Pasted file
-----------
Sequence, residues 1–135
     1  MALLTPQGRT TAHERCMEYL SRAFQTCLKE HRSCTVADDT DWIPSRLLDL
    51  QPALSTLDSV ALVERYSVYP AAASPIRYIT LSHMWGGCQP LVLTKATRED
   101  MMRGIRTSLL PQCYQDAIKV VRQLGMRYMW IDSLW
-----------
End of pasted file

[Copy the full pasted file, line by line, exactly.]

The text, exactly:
Sequence, residues 1–135
     1  MALLTPQGRT TAHERCMEYL SRAFQTCLKE HRSCTVADDT DWIPSRLLDL
    51  QPALSTLDSV ALVERYSVYP AAASPIRYIT LSHMWGGCQP LVLTKATRED
   101  MMRGIRTSLL PQCYQDAIKV VRQLGMRYMW IDSLW